An opposition activist was arrested in Hong Kong on Sunday by a new police squad for “uttering seditious words”, hours before a rally against a controversial security law.

The arrest of Tam Tak-chi, vice president of radical democratic party People Power, is the latest detention of a high profile democracy supporter in the financial hub and came on the morning Hongkongers had been due to vote in a general election, delayed because of the coronavirus.

Tam Tak-chi
Tam Tak-chi. File photo: Etan Liam, via Flickr.

An unauthorised protest in opposition to a new law that gives authorities sweeping powers — as well as the poll’s postponement and a Beijing-backed Covid-19 testing programme — had more than 10,000 online subscribers.

Tam, a former radio presenter known “Fast Beat”, was arrested at his home in north east Hong Kong by police officers from the national security squad, although he was not detained under the new law, police said.

“The gentleman we arrested this morning was arrested for uttering seditious words under the Crimes Ordinance’s section ten,” senior superintendent Li Kwai-wah said, referring to legislation enacted in the British colonial era to clamp down anti-government expressions.

According to Li, Tam was held for using words that “brought into hatred and contempt of the government and raised discontent and disaffection among Hong Kong people” in speeches made across Hong Kong this summer.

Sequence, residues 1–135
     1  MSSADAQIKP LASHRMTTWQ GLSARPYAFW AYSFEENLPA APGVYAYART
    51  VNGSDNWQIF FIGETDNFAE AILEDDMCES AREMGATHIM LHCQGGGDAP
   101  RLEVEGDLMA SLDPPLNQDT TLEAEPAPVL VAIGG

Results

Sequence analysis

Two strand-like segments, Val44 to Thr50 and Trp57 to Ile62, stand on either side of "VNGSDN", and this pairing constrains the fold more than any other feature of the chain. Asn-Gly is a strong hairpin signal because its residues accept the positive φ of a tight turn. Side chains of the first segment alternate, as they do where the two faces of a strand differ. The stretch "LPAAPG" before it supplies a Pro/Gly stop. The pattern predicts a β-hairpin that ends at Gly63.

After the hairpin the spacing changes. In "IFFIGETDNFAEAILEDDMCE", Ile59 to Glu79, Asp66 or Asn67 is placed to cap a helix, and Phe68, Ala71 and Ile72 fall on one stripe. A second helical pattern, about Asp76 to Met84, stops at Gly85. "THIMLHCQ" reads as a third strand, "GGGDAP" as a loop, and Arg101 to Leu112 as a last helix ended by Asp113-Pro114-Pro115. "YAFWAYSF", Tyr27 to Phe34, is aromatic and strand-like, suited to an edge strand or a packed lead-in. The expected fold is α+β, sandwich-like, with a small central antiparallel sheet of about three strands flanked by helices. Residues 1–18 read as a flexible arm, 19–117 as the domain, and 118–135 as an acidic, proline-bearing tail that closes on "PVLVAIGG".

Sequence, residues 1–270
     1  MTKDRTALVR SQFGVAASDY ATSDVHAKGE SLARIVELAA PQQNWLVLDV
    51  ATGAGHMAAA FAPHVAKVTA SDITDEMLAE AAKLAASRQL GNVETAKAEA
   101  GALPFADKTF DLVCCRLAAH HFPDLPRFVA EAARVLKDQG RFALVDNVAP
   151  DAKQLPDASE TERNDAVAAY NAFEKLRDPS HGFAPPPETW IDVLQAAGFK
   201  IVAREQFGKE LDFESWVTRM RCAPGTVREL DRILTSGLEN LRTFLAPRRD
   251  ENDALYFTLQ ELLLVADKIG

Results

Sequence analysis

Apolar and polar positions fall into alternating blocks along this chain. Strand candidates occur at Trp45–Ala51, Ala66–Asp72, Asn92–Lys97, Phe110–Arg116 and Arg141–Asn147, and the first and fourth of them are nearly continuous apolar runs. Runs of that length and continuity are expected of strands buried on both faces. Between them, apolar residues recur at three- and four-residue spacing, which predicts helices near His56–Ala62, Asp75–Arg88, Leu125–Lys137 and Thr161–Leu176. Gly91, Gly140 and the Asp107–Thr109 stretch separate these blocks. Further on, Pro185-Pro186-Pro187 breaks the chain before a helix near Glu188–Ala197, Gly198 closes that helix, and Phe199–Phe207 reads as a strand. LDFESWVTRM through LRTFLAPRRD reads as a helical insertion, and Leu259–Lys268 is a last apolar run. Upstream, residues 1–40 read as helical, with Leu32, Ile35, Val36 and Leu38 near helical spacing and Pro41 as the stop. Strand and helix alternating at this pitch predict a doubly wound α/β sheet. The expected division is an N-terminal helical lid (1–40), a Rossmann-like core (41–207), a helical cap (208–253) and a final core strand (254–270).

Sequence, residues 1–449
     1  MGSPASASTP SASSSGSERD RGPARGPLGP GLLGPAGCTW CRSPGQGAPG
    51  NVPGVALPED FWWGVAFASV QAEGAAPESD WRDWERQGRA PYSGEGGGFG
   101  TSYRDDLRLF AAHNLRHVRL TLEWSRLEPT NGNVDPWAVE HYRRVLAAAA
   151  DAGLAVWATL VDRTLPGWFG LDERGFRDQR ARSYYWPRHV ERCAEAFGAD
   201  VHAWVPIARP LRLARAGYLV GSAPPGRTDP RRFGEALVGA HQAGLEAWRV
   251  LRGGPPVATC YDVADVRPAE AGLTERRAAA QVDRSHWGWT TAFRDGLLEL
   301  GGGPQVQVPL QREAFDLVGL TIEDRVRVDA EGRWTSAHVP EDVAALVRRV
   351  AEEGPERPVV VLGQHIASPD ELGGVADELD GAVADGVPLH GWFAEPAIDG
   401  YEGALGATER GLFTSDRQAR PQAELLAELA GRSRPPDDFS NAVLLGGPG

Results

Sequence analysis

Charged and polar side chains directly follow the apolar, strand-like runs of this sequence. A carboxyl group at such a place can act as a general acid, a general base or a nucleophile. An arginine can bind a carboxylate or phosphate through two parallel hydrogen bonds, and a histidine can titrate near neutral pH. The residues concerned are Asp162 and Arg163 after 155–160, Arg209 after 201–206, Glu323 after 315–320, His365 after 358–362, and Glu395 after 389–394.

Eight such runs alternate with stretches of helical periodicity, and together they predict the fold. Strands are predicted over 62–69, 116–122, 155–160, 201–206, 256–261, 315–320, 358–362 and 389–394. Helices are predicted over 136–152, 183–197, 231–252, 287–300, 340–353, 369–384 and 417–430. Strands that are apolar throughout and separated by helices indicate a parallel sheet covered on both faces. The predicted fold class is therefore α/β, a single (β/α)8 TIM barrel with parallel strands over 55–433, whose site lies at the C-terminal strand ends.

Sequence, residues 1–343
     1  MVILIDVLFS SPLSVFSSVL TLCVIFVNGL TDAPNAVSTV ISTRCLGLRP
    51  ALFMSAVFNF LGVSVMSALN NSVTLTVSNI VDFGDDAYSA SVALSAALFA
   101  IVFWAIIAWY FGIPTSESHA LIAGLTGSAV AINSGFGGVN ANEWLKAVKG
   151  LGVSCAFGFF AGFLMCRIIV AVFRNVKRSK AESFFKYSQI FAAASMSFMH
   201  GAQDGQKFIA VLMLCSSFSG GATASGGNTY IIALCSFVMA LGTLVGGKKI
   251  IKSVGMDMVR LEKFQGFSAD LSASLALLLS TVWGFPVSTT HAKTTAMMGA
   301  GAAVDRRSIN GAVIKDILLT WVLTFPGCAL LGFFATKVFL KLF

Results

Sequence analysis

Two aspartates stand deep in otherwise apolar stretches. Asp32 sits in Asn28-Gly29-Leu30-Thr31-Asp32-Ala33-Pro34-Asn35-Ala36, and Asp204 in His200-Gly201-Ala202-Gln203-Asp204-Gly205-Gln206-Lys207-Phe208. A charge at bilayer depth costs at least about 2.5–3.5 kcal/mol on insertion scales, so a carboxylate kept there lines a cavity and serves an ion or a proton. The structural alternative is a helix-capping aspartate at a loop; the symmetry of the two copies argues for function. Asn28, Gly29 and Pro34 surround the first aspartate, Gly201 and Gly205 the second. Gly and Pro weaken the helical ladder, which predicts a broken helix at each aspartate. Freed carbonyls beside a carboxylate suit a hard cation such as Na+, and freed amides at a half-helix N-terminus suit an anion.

Li said the national security police was leading the arrest because at the initial stage of investigation the force suspected Tam of committing “incitement to secession” in article 21 of the national security law. 

“But after collection of evidence and consulting the Department of Justice, we decided that it is more suitable to use the Crimes Ordinance,” Li said.

National security
Photo: Kelly Ho/HKFP.

Since the national security law was passed in Beijing and implemented in Hong Kong on 30 June, 21 people, including pro-democracy media mogul Jimmy Lai and prominent activist Agnes Chow, have been arrested for allegations of “incitement to secession”, “collusion with foreign forces” and “terrorism acts”.

Hong Kong’s administration insists the law has not impinged on the rights to freedom of speech and assembly guaranteed to the territory when it returned to Chinese rule in 1997. 

Yet certain opinions and expressions in previously free-wheeling Hong Kong have become illegal, and activists have spoken of a deep chilling effect that has seen books yanked from libraries and publishers rush to amend their titles.

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